Dirk Nowitzki On Players Forcing Trades: “It’s Not The Way To Go”

Photo Credit: AP Photo/Ron Jenkins

Dirk Nowitzki On Players Forcing Trades: “It’s Not The Way To Go”


We all know that Dirk Nowitzki managed to set all of his basketball records and new parameters for big men, playing for one sole team. Something that is less and less likely in today’s NBA.

Loyalty is a dying art in the world of sports. Players like Kobe Bryant, Tim Duncan, and Dirk Nowitzki were the last breed of NBA stars to never “jump ship” and leave when their team is not performing up to par. The ability to remain apart of a losing team is something only the best can do; not particularly skill wise, but mentally. Players often move around the league for two reasons; to contend for a championship or for the green paper that the world revolves around.

But loyalty goes both ways, and in today’s NBA even trying to be loyal to a team seems impossible. We’ve seen it when Isaiah Thomas, Blake Griffin and DeMar DeRozan, among others, got traded.

Even though it’s not a one way street, the inflationary amount of players under contract actively demanding or even provoking trades has made it almost impossible for teams to plan for their futures.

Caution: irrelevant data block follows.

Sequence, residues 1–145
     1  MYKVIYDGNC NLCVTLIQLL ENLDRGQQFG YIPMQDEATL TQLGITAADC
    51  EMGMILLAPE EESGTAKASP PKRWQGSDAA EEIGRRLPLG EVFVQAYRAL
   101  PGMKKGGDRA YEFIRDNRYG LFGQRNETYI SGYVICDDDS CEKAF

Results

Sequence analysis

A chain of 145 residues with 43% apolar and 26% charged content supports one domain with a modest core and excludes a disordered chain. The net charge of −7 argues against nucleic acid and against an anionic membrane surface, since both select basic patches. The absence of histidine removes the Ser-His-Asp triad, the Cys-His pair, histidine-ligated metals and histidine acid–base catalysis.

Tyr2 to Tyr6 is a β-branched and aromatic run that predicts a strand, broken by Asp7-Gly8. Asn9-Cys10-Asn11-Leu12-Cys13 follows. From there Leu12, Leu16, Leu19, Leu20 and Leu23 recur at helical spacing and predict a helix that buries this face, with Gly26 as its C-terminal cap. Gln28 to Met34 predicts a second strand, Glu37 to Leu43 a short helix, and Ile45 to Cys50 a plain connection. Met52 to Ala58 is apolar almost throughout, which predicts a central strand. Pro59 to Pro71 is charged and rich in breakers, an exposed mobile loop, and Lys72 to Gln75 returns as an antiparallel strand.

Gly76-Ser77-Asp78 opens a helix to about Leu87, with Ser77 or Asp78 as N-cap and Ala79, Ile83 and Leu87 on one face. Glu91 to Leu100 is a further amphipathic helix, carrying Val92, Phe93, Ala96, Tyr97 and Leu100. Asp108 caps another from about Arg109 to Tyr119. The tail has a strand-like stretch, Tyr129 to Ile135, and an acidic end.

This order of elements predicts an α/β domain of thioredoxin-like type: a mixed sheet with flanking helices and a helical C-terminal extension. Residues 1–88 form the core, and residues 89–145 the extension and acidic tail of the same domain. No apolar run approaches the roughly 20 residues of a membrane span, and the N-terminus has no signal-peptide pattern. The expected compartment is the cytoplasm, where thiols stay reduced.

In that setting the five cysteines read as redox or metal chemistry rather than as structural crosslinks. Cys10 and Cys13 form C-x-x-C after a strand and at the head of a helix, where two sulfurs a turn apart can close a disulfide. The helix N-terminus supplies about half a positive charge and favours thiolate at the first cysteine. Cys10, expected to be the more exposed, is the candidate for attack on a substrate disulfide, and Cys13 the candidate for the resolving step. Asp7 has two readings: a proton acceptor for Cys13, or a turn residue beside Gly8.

Players actively forcing trades is also something Dirk Nowitzki has a hard time relating to.


“It’s definitely new,” Nowitzki said on SI’s Crossover podcast. “We always felt like we the players didn’t have enough power at the beginning of my career (in 1998), and the owners had all the power, could make all the moves. And now it’s almost shifting like a little bit too much. I think there should be like a happy medium. But now the players forcing themselves out, to me is not the way to go, either…

…“I was old school,” Nowitzki said on the podcast. “I don’t want to sit here and judge these guys that that are doing that. I think everybody has to know what’s best for themselves, for their career, for their brand—you know, everybody has a brand now— and what’s best for their family. For me, it was staying in Dallas. It worked out great there. And I’ve had my family there and I loved it and I grew into that community. So that’s something that just worked for me. But of course, I get it. It’s not for everybody.”


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